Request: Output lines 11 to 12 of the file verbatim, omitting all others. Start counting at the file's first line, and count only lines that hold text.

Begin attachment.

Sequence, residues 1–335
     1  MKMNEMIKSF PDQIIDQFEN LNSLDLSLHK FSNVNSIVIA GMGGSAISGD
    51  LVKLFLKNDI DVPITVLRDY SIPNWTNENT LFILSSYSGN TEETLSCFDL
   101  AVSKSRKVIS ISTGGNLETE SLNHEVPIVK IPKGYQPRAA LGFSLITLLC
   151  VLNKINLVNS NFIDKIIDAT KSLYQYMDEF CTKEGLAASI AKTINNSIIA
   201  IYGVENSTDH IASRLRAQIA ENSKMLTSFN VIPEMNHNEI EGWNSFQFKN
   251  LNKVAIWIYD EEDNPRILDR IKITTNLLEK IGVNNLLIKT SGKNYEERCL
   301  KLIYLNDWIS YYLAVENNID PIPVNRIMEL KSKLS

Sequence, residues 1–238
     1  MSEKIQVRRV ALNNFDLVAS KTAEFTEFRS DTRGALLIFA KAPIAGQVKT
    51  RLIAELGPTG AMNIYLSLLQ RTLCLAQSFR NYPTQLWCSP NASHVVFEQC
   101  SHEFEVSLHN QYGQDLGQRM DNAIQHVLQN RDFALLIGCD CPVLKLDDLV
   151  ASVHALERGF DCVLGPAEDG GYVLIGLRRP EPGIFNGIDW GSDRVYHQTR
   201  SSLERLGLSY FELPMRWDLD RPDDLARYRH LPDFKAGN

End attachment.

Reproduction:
    51  RLIAELGPTG AMNIYLSLLQ RTLCLAQSFR NYPTQLWCSP NASHVVFEQC
   101  SHEFEVSLHN QYGQDLGQRM DNAIQHVLQN RDFALLIGCD CPVLKLDDLV